It emerged on Tuesday that Arsenal owner Stan Kroenke was responsible for buying 22 more shares in the club despite already owning a controlling stake.
Kroenke was prepared to pay £28,000 each for the shares, a record-equalling price despite the purchase having no effect on his ownership.
But what it does is show the only other major shareholder, Alisher Usmanov, who has been consistently refused a seat on the board, that Kroenke remains keen on buying him out and would pay the premium £28,000 per share to do so.
Stan Kroenke bought 22 more shares in Arsenal and continues to strengthen his position
It was reported that Kroenke tried to buy Usmanov’s 30.4 per cent holding last October for almost £525million but was rebuffed.
Kroenke would love to take Arsenal fully private and forgo the annual embarrassment of being harangued by shareholders at the AGM or have to publish accounts. And he could act as absentee owner Silent Stan, with nobody able to complain if Arsenal were registered in Delaware along with Kroenke’s other sporting interests.
An Arsenal statement confirmed Kroenke’s shareholding is now 67.09 per cent.
Major League Baseball are serious enough in following American football and basketball’s NBA in staging league matches in London to set up an office here and hire a PR agency.
The London Stadium will be the baseball venue for two mooted MLB fixtures in 2019, after the football season but before the cricket World Cup, although transforming the ground for a baseball diamond will add more cost to the stadium’s troubled finances.
The USA, Canada and Mexico kicked off their campaign to host the 2026 World Cup by promising a bid that would be above board in every way ahead of the FIFA Congress vote in June.
They also said toxic comments by President Trump about ‘s***hole countries’ create no more of a problem than the politics of any period, with which a bid team have to contend.
Sunil Gulati (centre) is joined by Canadian CONCACAF president Victor Montagliani (left) and Mexican football president Decio De Maria (right) at the 2026 bid launch
Despite having an unblemished record himself, 2026 bid chairman Sunil Gulati did work on CONCACAF business with two of FIFA’s biggest crooks, Jack Warner and the late Chuck Blazer.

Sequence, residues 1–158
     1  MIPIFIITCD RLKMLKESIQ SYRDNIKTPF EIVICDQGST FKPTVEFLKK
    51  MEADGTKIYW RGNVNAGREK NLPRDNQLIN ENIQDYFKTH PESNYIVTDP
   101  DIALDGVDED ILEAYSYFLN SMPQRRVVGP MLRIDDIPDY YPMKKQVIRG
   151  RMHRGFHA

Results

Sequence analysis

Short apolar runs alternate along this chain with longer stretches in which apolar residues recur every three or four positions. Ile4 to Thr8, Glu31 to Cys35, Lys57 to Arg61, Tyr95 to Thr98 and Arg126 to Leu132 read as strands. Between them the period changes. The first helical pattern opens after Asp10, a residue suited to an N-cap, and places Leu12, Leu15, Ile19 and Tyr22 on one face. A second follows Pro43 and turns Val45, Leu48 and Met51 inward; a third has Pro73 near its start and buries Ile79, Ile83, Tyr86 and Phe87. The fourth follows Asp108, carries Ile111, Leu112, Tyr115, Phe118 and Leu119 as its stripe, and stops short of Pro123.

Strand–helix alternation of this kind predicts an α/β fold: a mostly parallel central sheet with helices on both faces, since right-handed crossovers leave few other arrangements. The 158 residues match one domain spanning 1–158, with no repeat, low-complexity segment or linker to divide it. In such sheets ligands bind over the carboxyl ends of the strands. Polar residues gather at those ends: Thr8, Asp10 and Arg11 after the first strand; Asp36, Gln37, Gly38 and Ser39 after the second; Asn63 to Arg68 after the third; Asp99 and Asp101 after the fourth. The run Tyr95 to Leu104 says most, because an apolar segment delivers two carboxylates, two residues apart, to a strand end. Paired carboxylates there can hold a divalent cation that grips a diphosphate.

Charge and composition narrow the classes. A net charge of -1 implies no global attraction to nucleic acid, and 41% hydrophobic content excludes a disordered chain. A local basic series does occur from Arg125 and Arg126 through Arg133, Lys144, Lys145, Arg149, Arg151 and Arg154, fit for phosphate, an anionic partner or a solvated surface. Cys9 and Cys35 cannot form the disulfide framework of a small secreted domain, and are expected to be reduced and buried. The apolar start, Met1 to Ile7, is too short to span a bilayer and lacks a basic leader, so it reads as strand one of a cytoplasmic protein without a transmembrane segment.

But as for £16,000 Parmigiani watches or other famous FIFA-related gifts, the North American bid leaders didn’t even lay on biscuits with the coffee at their London press briefing en route to Lausanne to start lobbying at the UEFA Nations League draw on Wednesday.
The perils of social media saw Arsenal upload a video on Tuesday on their website of new signing Henrikh Mkhitaryan welcoming their target Pierre Aubameyang, who has yet to leave Borussia Dortmund.
Then the club’s official Twitter account used the obscene ‘FFS’ abbreviation to comment on the blunder.
Both postings were later deleted and an Arsenal spokesman said: ‘The mistakes were quickly rectified.’
Pierre-Emerick Aubameyang remains a Borussia Dortmund player as it stands
GB’s wintry band of 400
Such is the love for watching sport in this country that the legions who travel abroad to cheer on England at the football World Cup, follow rugby’s British and Irish Lions or join cricket’s Barmy Army number in the thousands.
However, for the niche-interest Winter Games in PyeongChang, the British Olympic Association have done well to muster around 400 fans, including athletes’ friends and family.
Britain’s Australian Open semi-finalist Kyle Edmund, after his victory over Grigor Dimitrov, joined the growing band of players calling the Aussie Grand Slam the best in tennis.
The Melbourne event attracts far more spectators than Wimbledon and has three courts with roofs compared to two at SW19 (by 2019).
A Wimbledon spokeswoman said: ‘Every player is entitled to their opinion, but one of the strengths of the four Grand Slams is that they are all so different.’
Kyle Edmund became the latest player to call the Australian Open the best Grand Slam